“When the morning came at last scarcely a timber or plank of the wreck was to be seen. What hope of escape had either of us? The foaming waters raged around, and we were half perished with cold and hunger. On looking about I found a small spar washed up on the rock, and, fastening our handkerchiefs together, we rigged out a flag, but there was little chance of a boat putting off in such weather and coming near enough to see it. We now knew that we were not far off the Land’s End, on one of two rocks called The Sisters, with the village of Senum abreast of us. “Your father and I looked in each other’s faces; we felt that there was little hope that we should ever see our wives and infants again. Still we spoke of the promise we had made each other—not that there was any need of that, for we neither of us were likely to forget it. “The spring tides were coming on, and though we had escaped as yet, the sea might before long break over the rock and carry us away. Even if it did not we must die of hunger and thirst, should no craft come to our rescue. “We kept our eyes fixed on the distant shore; they ached with the strain we put on them, as we tried to make out whether any boat was being launched to come off to us. “A whole day passed—another night came on. We did not expect to see the sun rise again. Already the seas as they struck the rock sent the foam flying over us, and again and again washed up close to where we were sitting. “Notwithstanding our fears, daylight once more broke upon us, but what with cold and hunger we were well-nigh dead. “Your father was a stronger man than I fancied myself, and yet he now seemed most broken down. He could scarcely stand to wave our flag. “The day wore on, the wind veered a few points to the nor’ard, and the sun burst out now and then from among the clouds, and, just as we were giving up all hope, his light fell on the sails of a boat which had just before put off from the shore. She breasted the waves bravely. Was she, though, coming towards us? We could not have been seen so far off. Still on she came, the wind allowing her to be close-hauled to steer towards the rock. The tide meantime was rapidly rising. If she did not reach us soon, we knew too well that the sea would come foaming over the rock and carry us away. “I stood up and waved our flag. Still the boat stood on; the spray was beating in heavy showers over her, and it was as much as she could do to look up to her canvas. Sometimes as I watched her I feared that the brave fellows who were coming to our rescue would share the fate which was likely to befall us. She neared the rock. I tried to cheer up your father.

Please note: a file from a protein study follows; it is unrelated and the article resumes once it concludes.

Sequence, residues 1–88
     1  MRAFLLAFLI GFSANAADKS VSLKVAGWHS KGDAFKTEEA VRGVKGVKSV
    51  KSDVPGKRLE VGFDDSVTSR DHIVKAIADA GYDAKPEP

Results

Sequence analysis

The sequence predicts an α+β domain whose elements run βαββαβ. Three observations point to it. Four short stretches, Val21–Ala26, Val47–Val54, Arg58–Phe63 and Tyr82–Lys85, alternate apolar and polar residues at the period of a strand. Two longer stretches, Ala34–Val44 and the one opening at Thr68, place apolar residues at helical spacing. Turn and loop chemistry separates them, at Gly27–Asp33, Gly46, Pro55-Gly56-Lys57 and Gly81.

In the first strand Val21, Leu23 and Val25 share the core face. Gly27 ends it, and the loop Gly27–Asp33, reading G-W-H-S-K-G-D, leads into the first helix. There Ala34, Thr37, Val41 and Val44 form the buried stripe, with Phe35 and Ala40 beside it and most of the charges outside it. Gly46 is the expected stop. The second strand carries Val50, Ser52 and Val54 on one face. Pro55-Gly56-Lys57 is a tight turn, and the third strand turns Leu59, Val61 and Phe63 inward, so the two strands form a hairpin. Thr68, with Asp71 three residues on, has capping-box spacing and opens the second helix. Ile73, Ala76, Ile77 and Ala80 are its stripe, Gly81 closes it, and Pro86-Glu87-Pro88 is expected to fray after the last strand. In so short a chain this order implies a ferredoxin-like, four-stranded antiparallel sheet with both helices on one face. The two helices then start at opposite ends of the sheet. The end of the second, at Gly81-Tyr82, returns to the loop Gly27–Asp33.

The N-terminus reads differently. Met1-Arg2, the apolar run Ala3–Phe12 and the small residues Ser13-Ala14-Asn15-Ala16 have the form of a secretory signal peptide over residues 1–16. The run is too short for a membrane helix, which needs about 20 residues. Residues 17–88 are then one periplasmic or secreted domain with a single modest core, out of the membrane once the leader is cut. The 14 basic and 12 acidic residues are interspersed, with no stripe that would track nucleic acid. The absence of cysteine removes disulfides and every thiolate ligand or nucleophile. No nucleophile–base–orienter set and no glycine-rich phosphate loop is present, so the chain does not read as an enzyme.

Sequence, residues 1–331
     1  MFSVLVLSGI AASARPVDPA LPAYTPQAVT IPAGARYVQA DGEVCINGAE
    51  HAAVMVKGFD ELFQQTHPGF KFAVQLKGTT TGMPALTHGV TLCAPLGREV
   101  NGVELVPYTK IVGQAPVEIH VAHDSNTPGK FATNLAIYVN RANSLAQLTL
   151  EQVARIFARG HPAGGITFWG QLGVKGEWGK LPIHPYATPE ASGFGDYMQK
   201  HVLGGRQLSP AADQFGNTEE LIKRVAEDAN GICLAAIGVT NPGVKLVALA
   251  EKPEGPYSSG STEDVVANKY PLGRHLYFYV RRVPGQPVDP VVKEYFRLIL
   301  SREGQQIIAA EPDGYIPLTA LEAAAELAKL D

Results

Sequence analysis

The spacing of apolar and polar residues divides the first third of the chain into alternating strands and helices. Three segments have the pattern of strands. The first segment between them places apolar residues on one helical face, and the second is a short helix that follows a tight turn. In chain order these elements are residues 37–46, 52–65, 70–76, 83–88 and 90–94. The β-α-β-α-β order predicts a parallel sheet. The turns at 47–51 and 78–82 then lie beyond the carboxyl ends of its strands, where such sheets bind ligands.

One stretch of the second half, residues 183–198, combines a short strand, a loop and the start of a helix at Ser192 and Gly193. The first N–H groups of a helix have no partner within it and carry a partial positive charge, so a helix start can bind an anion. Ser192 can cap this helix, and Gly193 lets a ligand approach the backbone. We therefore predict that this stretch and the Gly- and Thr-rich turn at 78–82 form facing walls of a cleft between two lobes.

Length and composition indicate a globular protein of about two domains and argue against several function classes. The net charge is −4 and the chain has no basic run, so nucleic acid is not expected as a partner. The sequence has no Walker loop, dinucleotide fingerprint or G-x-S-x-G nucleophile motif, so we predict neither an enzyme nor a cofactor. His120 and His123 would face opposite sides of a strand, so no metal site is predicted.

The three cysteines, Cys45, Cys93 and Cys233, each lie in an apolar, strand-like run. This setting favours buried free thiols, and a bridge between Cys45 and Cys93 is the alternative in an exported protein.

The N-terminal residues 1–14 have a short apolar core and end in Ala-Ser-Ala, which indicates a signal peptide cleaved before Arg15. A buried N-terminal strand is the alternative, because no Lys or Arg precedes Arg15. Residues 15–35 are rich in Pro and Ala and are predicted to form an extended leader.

“‘In five minutes we shall be safe on board, Michael,’ I said. “‘Much may happen in five minutes, Paul; but you will not forget my Mary and little boy,’ he answered. “‘No fear of that,’ I said; ‘but you will be at home to look after them yourself.’ “I tried to cheer as the boat came close to the rock, but my voice failed me. “The sails were lowered and she pulled in. A rope was hove, and I caught it. I was about to make it fast round your father. “‘You go first, Paul,’ he said. ‘If you reach the boat I will try to follow, but there is no use for me to try now; I should be drowned before I got half way.’ “Still I tried to secure the rope round him, but he resisted all my efforts. At last I saw that I must go, or we should both be lost, and I hoped to get the boat in nearer and to return with a second rope to help him. “I made the rope fast round my waist and plunged in. I had hard work to reach the boat; I did not know how weak I was. At last I was hauled on board, and was singing out for a rope, when the people in the boat uttered a cry, and looking up I saw a huge sea come rolling along. Over the rock it swept, taking off your poor father. I leapt overboard with the rope still round my waist, in the hopes of catching him, but in a moment he was hidden from my sight, and, more dead than alive, I was again hauled on board. “The crew of the boat pulled away from the rock; they knew that all hopes of saving my friend were gone. Sail was made, and we stood for the shore. “The people at the village attended me kindly, but many days passed before I was able to move. “As soon as I had got strength enough, with a sad heart I set out homewards. How could I face your poor mother, and tell her that her husband was gone? I would send my own dear wife, I thought, to break the news to her. “As I reached my own door I heard a child’s cry; it was that of my little Nelly, and granny’s voice trying to soothe her. “I peeped in at the window. There sat granny, with the child on her knee, but my wife was not there. She has gone to market, I thought. Still my heart sank within me. I gained courage to go in. “‘Where is Nelly?’ I asked, as granny, with the baby in her arms, rose to meet me. “‘Here is the only Nelly you have got, my poor Paul,’ she said, giving me the child. “I felt as if my heart would break. I could not bring myself to ask how or when my wife had died. Granny told me, however, for she knew it must be told, and the sooner it was over the better. She had been taken with a fever soon after I had left home. “It was long before I recovered myself. “‘I must go and tell the sad news I bring to poor Mary,’ I said. “Granny shook her head.